with smaller effect on the fraction of capital he/she needs to give up.
Focus on equity crowdfunding (or crowdinvesting)
Although still representing a small fraction of crowdfunding activities, crowdinvesting is attracting
a lot of attention due to its more complex form as well as its impressive growth in Europe over the
past few years. Here we provide more insights on this specific crowdfunding type.
What are the factors that make crowdinvesting campaigns successful?
In an analysis of the German crowdinvesting market, 5 key determinants are identified in the
literature for crowdinvesting campaigns to achieve their targets.
Firm age: In Europe, campaigns initiated by newly created start-ups tend to work best than
initiatives from pre-existing organizations (Lars Hornuf and Armin Schwienbacher, 2014a).
Ticket size: For a given targeted amount, crowdinvesting campaigns with a smaller ticket size
and therefore a larger number of crowdinvestors tend to be more successful (Lars Hornuf and
Armin Schwienbacher, 2014a).
Platform experience: Crowdinvesting campaigns that are launched through a platform with
already some experience are more likely to raise higher amounts (Lars Hornuf and Armin
Entrepreneur’s network: Using the universe of US-based projects on Kickstarter, research
has shown that most crowdinvestors belong to the entrepreneurs’ social network, especially in
the first phase. The network size of the entrepreneur therefore emerges as a key success
factor (Mollick, 2014).
Underlying project quality: Still in the US context, Mollick (2014) finds that projects that
signal a higher quality level are more likely to be funded. As an indicator of higher-quality
project, the author measures whether a pitch had a video, whether project updates were
provided within three days of launch, and whether there was spelling errors in project pitches.
Who is the ‘average crowdinvestor’?
Almost by definition, it is difficult to build an “average profile” for crowdinvestors since “the crowd”
includes a broad range of individuals. Some crowdinvestors have financial experience, some others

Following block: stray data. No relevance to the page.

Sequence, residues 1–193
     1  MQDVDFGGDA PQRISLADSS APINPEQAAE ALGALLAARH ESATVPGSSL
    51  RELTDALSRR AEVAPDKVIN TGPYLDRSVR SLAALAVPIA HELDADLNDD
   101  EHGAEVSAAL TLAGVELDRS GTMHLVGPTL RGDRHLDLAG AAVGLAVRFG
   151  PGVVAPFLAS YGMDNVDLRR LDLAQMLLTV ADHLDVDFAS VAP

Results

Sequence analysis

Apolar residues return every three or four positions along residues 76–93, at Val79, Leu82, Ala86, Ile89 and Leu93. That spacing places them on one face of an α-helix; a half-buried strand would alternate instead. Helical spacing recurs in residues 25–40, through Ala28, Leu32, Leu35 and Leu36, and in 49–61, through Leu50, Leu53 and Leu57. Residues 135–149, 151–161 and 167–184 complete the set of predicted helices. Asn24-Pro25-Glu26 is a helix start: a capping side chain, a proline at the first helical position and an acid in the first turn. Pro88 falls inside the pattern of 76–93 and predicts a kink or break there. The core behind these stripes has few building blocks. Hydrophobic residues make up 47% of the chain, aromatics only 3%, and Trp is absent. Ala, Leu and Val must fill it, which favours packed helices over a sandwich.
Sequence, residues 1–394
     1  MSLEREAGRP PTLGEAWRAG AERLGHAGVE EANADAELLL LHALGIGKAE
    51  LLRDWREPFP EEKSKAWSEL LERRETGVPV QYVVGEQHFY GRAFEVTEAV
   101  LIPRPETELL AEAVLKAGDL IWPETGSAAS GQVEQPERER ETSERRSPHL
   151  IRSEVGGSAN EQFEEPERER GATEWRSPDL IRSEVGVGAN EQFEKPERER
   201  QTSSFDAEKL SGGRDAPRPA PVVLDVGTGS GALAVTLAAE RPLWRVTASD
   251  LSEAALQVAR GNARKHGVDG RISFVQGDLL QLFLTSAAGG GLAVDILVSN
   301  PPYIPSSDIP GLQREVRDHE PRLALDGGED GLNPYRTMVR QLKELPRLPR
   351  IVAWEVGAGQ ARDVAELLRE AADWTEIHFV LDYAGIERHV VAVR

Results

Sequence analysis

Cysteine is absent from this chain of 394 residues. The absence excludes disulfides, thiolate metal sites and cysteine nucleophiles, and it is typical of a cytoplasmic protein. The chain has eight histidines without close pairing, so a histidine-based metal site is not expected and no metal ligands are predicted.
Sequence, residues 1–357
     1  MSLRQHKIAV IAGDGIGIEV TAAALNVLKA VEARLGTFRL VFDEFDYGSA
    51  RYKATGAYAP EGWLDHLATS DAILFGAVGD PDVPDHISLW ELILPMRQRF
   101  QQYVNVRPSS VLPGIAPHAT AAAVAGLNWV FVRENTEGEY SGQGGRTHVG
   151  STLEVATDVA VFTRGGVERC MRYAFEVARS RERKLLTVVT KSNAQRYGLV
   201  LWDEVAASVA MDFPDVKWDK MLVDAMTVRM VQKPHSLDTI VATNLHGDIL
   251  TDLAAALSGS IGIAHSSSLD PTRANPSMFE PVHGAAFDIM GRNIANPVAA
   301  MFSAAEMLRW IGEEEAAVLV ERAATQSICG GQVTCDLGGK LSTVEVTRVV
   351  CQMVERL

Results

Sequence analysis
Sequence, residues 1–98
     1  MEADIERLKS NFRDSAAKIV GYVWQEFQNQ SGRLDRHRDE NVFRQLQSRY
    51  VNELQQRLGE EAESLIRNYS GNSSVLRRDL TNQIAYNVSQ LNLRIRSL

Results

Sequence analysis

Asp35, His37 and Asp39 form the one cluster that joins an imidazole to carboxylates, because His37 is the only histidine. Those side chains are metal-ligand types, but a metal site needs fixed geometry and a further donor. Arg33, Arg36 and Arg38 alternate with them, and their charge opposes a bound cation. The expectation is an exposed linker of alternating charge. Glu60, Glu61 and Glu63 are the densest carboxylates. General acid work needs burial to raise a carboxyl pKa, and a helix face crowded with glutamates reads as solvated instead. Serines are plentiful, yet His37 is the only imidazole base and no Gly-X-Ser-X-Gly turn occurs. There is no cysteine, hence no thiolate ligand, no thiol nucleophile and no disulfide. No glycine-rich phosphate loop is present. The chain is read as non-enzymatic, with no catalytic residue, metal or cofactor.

do not. Portals can filter the crowd and target specific types of investors by setting up high ticket
size. Some portals like Fundsters or Companisto virtually permit everyone to become a
crowdinvestor with a ticket size of €1 or €5. Some others like SiamoSoci in Italy or Fondatio in
France have sold minimum tickets of €50,000 for some campaigns.
For platforms with lower ticket size, the crowd can be very diversified. For platforms with higher
ticket size, crowdinvestors may have more financial experience. The German Innovestment portal
is characterized by a high minimum ticket ranging from €500 to €10,000. As reported by Köln and
Hornuf (2012), its users appear to be willing to invest €124,100 on the portal and up to €59,500
per startup firm. The majority of them are self-employed, working in IT, consulting or finance.
Wilson and Testoni (2014) characterize crowdinvestors as follows:
They have many different backgrounds, with many having no investment experience
They invest their own money
Most investors are geographically distant from the venture
They generally have a passive role, some platforms represent the interests of the crowd
Financial return is not the only reason for investing
Is crowdinvesting transforming the crowd into small business angels?
The boundary between crowdinvestors and traditional business angels is rather vague, as reported
by Armin Schwienbacher and Lars Hornuf in their book chapter entitled “Crowdinvesting – Angel
investing for the masses?”. Both are similar, but the structures of financial transactions differ to a
great extent. Crowdinvesting appears as complementary to angel finance rather than a substitute.
This complementarity is well illustrated by the fact that some portals, like MyMicroInvest in
Belgium, are now building on co-investment of both crowdinvestors and business angels.
The two big differences with angel investment are as follows:
1. Crowdinvesting provides the entrepreneur with an access to a larger pool of investors (the
crowd). Business angels are generally former entrepreneurs while crowdinvestors have
much more diverse backgrounds. Crowdinvesting is therefore a